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Surface science news, November 2016

Scientists have used photonic technology to produce lightweight and ultra-resistant coatings in any desired color.

A novel silicone polymer gel makes an environmentally-friendly, inexpensive, long-lasting ice-repellent coating.

Browse the articles in this virtual special issue.

Inexpensive rewritable material that is environmentally friendly.

Water flow in CNTs is almost frictionless.

Repairing bones damaged by cancer surgery requires scaffold materials that can support tissue regeneration and suppressing tumor regrowth.

Researchers have developed a novel magnetic material that can be applied to any surface to repel ice.

By combining physical and chemical approaches to self-healing, a new polymeric material can self-heal in semi-dry conditions.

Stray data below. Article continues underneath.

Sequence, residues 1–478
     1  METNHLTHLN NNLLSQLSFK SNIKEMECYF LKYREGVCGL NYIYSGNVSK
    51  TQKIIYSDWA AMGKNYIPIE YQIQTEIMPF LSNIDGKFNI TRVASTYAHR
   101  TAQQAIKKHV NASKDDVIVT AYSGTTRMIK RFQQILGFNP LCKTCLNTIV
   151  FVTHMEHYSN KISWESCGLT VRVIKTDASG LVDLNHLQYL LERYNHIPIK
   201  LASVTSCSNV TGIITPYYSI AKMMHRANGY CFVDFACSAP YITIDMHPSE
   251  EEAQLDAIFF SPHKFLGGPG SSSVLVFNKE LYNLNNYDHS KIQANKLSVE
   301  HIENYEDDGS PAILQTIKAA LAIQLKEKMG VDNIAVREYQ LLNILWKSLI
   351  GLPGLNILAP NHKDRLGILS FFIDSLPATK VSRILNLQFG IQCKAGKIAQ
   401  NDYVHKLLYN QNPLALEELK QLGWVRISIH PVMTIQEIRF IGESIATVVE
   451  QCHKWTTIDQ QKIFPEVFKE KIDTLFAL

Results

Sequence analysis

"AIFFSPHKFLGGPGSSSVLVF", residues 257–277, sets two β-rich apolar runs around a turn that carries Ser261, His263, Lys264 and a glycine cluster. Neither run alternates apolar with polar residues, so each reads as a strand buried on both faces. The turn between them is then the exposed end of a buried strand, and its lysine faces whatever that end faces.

Using a gold metasurface, scientists have fabricated the first semiconductor-free, optically-controlled microelectronic device.

A new method uses graphene templates to make ultrathin metal oxide sheets containing intricate wrinkle and crumple patterns.

Scientists have managed to create an ultra-strong material by 'fusing' together multiwall carbon nanotubes.

Scientists have developed new polymer-stabilized droplet carriers that can identify and encapsulate nanoparticles for transport in a cell.

Using alternating layers of an antiferromagnet, researchers have produced a topological insulator that can work at higher temperatures.

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